Voight: on the way to something deeper?

icism is an attitude about life. Following it, you have to go a certain rigid way, y’know. The rules attached to it bend all the natural forces. It makes life go the way you don’t want it to go.” The way he doesn’t want it to go, maybe. But to any Christian a man’s life is not his own to do with as he pleases. Voight may just be on the way to something deeper than his acknowledged sense of guilt. “Money with him is always secondary.” I wonder where he got that idea in modern America?


A hewer of Woody

As author of the note to Murray McLauchlan mentioned in the article Up, Up and Away and Changing Gears (April 23), I felt I should clarify my point of view and provide your readers with the complete story. First of all, I feel the quoting of the content of my note was somewhat exaggerated. I said that I, along with many other women, was offended by his joke and that I felt it was in very poor taste—particularly as he is a public figure and the audience could possibly interpret his comments to mean that he doesn’t consider rape to be a serious subject. Judging by the delayed applause and the booing and hissing I heard from where I was sitting, it would seem I wasn’t the only one who felt this way. If he truly meant the joke to demonstrate “what an ass Woody was,” then he should have been more explicit. Besides, if such is the case, why repeat Allen’s comments? Furthermore, I provided Mr. McLauchlan with the opportunity to explain, as I had suggested, that he make an apology to the audience.(He read the note while he was onstage.) Rape is a serious criminal offence that has been subjected to this type of lighthearted approach for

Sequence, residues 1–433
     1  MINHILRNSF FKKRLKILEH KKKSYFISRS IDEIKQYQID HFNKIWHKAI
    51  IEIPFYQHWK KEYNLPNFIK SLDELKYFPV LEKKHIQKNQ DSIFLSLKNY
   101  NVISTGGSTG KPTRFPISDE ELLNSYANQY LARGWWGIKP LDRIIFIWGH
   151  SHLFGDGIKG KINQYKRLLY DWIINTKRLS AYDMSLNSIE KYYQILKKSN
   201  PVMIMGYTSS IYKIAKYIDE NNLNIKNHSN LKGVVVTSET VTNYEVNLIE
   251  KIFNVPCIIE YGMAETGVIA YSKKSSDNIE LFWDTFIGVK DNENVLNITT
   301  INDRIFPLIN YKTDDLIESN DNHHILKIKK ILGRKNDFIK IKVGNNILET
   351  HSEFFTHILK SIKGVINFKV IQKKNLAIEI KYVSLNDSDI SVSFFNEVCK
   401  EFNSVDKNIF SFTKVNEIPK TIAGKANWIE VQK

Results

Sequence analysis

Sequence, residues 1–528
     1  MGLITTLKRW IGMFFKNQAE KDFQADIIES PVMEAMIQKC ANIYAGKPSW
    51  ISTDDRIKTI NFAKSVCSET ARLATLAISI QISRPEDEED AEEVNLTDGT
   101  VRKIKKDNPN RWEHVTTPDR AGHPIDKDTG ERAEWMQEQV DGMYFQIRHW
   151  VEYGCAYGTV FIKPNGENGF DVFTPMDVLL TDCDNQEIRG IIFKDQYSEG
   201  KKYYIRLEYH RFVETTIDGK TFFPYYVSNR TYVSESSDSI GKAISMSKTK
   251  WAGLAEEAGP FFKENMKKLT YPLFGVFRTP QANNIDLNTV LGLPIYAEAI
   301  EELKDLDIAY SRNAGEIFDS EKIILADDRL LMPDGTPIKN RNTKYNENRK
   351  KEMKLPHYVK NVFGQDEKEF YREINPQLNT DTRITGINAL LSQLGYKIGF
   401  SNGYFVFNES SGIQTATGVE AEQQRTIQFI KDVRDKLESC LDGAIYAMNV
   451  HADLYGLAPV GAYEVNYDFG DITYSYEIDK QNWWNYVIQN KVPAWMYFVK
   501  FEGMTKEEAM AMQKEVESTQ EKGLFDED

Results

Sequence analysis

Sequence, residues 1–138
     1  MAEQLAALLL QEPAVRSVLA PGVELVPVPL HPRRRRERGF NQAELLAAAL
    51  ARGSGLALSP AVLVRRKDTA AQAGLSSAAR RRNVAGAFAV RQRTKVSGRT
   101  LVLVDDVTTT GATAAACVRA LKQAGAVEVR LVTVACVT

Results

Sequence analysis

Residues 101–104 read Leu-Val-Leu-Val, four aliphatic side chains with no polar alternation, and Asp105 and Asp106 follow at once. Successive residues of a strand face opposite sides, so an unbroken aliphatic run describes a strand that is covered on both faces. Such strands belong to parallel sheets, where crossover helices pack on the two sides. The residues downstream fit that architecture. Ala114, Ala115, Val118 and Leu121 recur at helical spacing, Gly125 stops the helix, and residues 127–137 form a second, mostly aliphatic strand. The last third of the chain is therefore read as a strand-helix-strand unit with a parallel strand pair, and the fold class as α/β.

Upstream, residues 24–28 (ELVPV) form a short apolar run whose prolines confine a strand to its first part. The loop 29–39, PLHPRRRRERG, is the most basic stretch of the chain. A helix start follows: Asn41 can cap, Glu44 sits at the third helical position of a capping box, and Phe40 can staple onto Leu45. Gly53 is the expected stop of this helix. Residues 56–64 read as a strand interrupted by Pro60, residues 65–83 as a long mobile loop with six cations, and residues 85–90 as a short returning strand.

far too long. Thoughtless, insensitive comments such as those made by McLauchlan and Allen are in part responsible for the rising instances of violence against women today.


Jewel box

Having visited Grenada for seven months, I came to know and sympathize with the people there. Among my first